Horses learn quickly and with a calm mind when appropriate (and light) pressure is applied. First, they begin to guess at what will cause the pressure to go away, so you need to patiently wait for the horse to guess correctly. As soon as the horse begins to give the correct answer, you must completely take away the pressure.
In the right conditions, the horse will often learn the correct response after the very first release. Split-second timing on the release is the secret to training horses quickly and with low stress—not with repetition and drilling, as many equestrians have believed for centuries.
I feel very sad for this 3-year-old colt who’s been subjected to confusing and ineffective training methods (perhaps even from a handler who thought they were doing it right). However, I’m quite confident this young horse can be brought out of its state of confusion and learn the basic responses it needs to become a successful riding horse.
This colt needs to go back to the most basic of training—with exceptional kindness and patience—and it is of the utmost importance that he is given all the time he needs to learn the correct responses. He may need many chances to even try to guess the answer. I would start by patiently teaching it to move forward with a simple, clear, and soft cue. I’ve always enjoyed working with troubled horses, but I can only help so many—and the need is great.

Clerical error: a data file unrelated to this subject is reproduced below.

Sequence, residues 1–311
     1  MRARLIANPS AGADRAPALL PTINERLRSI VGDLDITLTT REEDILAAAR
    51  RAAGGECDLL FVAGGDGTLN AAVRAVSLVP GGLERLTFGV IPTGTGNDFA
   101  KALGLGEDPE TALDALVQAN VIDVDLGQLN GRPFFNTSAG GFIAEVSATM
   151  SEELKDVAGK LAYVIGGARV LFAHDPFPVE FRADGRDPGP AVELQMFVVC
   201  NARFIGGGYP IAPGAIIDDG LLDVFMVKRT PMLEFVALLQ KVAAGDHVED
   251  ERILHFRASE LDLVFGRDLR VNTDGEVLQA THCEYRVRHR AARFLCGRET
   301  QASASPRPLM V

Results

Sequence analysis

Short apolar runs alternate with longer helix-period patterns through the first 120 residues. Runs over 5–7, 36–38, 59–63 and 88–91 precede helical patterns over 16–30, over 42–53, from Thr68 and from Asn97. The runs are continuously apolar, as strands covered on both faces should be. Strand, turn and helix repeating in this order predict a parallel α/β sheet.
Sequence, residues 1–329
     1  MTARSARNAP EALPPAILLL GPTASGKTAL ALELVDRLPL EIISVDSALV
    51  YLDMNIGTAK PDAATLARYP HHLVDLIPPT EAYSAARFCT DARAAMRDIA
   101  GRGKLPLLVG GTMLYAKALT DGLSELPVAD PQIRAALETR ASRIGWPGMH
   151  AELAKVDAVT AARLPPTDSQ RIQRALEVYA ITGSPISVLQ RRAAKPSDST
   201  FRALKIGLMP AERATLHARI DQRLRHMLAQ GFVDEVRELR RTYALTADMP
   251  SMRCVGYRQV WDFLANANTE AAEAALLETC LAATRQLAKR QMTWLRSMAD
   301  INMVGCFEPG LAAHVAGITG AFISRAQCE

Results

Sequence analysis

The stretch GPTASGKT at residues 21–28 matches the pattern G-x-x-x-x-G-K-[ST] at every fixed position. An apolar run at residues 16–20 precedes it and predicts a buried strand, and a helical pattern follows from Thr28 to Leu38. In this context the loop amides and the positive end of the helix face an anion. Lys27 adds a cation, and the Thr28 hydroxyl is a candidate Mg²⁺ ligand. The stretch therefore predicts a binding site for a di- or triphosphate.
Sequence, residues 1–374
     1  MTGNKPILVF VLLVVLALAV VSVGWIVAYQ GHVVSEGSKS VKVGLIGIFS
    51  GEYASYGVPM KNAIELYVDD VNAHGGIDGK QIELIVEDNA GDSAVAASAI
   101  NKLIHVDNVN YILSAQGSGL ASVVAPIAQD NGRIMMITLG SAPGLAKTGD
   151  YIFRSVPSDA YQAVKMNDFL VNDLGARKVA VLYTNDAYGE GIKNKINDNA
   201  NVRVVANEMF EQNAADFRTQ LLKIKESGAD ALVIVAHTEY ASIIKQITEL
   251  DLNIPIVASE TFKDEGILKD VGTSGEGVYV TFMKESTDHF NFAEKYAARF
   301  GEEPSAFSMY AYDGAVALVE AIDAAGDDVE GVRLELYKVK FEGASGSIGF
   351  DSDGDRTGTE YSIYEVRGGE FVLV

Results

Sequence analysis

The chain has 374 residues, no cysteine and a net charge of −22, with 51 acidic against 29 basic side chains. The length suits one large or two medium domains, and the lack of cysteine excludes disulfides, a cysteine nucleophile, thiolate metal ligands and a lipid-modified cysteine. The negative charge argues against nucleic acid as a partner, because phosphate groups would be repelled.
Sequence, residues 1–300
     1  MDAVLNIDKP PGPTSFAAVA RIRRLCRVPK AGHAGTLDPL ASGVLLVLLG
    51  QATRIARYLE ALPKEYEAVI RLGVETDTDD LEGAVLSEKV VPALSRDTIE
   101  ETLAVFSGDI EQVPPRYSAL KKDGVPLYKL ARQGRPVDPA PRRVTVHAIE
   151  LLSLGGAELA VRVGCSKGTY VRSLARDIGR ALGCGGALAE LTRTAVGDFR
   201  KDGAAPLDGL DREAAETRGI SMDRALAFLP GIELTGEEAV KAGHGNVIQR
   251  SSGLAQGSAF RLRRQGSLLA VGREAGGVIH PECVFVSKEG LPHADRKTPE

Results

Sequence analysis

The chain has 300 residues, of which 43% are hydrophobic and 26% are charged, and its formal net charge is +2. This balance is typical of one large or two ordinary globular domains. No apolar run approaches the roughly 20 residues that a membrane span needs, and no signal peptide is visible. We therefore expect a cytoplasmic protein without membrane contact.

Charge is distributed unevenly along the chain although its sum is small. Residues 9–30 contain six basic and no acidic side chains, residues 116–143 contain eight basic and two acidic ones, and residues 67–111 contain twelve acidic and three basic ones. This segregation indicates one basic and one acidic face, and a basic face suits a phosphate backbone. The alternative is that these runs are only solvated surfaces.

In fact, the world would be a much happier place for horses if more people understood equine behavior and physiology better, and especially if the individuals responsible for training horses understood more about learning theory. These two books are excellent resources to begin increasing your depth of knowledge (share them with others you think would benefit too!).
In my podcast this month, I have the honor of interviewing Dr. Kate Fenner, an equine behaviorist from Australia and colleague of Professor McGreevy. It will be a fascinating and lively discussion about horse behavior and how training methods can be improved for performance horses. It’s an episode you don’t want to miss, so make sure you’re subscribed to Ride On with Julie Goodnight. It’s available at JulieGoodnight.com/podcast, and anywhere you listen to podcasts.
Equine Behavior: A Guide for Veterinarians and Equine Scientists, 2nd Edition, Professor Paul McGreevy, Saunders Ltd, 2012
Evidenced-based Horsemanship, Dr. Stephen Peters & Martin Black, Wasteland Press, 2018
Horse Brain, Human Brain: The Neuroscience of Horsemanship, Dr. Janet Jones, Trafalgar Square, 2020